Central African Republic: More Cases Of Sexual Abuse By UN Peacekeepers; When Will It End?


‘A 7-year-old girl interviewed in the Central African Republic (CAR) said she had to perform sexual acts on soldiers in exchange for water and cookies’.
The United Nations (UN) has expressed outrage and shame at fresh allegations of sexual abuse by UN peacekeepers in the Central African Republic (CAR). In a report published by Human Rights Watch on the 21st of January 2016, at least five underage girls were among the seven new cases reported in the latest round of abuses which took place in Bambari, CAR between November and December of 2015. The soldiers implicated in these new cases are from the Republic of Congo and the Democratic Republic of Congo (DRC). This latest round of allegations come after six cases of alleged sexual abuse were reported, involving a girl of 7 and a boy of 9, by European Union and French soldiers, which allegedly took place in 2014 in or near a camp for displaced people near M’Poko airport in CAR’s capital, Bangui. As of now, over 29 separate incidences have been recorded for CAR only. According to Anthony Banbury, Assistant Secretary-General for Field Support for the UN, several countries have been implicated in these allegations: Bangladesh, the Democratic Republic of the Congo (DRC), Republic of Congo, Morocco, Niger, Senegal, Georgia, France (Operation Sangaris) and troops from the European Union mission in CAR.

The United Nations Multidimensional Integrated Stabilization Mission in the Central African Republic (MINUSCA) reported that fact-finding experts from the UN Office of Internal Oversight Services (OIOS) were immediately dispatched to Bambari upon receipt of these new allegations. The experts found sufficient initial evidence that five of the victims were minors and had been sexually molested. A sixth victim also a minor could not be interviewed while the seventh, an adult, had been sexually exploited. The Governments of Republic of Congo and the Democratic Republic of Congo were immediately notified and asked to launch investigations into these allegations. The CAR national authorities were also apprised of the situation.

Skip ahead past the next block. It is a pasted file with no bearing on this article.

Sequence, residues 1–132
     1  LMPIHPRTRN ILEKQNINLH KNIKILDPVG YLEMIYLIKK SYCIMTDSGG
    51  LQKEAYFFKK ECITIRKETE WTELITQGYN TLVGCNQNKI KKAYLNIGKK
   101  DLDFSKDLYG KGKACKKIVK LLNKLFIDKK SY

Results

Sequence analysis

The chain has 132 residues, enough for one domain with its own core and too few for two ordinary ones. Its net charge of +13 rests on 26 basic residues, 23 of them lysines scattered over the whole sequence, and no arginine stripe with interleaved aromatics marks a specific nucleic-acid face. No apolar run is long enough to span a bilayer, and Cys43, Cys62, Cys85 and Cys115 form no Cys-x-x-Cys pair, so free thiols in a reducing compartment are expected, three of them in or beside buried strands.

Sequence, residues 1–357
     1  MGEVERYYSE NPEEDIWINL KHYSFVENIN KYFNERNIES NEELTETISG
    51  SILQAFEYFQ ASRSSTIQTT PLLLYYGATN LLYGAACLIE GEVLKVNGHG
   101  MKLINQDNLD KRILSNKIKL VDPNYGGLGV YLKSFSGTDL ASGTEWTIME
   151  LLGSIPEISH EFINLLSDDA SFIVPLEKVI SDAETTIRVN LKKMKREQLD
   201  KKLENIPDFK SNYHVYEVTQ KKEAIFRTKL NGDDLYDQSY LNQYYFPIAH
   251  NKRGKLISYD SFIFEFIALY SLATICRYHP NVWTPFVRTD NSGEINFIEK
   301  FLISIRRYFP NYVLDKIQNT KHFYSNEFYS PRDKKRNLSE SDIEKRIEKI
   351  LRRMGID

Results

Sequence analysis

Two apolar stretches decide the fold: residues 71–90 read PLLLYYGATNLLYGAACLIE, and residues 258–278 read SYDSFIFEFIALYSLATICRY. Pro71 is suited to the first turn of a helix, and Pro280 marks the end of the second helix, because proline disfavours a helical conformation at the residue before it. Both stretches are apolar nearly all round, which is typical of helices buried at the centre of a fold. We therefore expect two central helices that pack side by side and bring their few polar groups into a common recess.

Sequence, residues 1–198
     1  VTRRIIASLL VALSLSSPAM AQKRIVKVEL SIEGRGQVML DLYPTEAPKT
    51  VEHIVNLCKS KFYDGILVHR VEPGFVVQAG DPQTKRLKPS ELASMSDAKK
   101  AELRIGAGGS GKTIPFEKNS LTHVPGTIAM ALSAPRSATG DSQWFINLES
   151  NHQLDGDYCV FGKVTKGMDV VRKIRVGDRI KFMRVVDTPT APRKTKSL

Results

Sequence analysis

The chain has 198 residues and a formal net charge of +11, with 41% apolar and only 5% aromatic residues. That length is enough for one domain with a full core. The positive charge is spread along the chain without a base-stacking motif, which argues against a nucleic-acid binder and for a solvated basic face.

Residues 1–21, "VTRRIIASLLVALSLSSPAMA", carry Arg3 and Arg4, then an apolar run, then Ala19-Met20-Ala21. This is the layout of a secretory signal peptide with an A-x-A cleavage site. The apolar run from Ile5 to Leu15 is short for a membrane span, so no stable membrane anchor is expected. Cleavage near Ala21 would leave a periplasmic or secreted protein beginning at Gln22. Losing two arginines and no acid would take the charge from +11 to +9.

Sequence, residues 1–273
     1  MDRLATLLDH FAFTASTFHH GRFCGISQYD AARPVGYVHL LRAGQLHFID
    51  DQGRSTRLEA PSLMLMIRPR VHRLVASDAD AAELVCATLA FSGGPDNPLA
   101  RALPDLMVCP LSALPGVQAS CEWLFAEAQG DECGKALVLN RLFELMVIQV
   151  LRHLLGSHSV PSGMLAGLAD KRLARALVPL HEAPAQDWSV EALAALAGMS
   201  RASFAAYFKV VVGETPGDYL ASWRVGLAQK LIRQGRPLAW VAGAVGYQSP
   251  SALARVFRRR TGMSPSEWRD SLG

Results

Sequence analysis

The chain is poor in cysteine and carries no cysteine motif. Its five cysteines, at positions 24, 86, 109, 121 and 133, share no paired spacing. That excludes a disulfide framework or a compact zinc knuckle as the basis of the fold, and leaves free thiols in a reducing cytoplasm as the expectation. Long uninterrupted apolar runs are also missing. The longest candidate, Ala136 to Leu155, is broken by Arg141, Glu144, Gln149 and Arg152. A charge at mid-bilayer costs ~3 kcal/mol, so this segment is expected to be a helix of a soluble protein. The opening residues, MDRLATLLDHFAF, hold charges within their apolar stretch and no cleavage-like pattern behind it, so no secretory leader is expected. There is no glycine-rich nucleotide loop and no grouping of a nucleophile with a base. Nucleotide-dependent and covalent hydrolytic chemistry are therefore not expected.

Anders Kompass director of field operations for the office of the High Commissioner for Human Rights (OHCHR) in Geneva was first to blow the whistle on sexual abuses on civilians in CAR. He passed on documents to the French authorities after becoming frustrated at the UN’s lack of action in investigating abuse by French peacekeepers. However, the OHCHR Chief, Prince Zeid bin Ra’ad suspended Kompass for breaching the OHCHR rules of conduct without the approval of his superiors. According to Prince Zeid, sharing the report put the victims of the abuse at risk for stigma and retaliation in their home communities. Many countries and the international Community in general criticized UN leadership for spending more time on Kompass instead of investigating the allegations. The suspension was found to be unlawful by an internal UN court in May of 2015.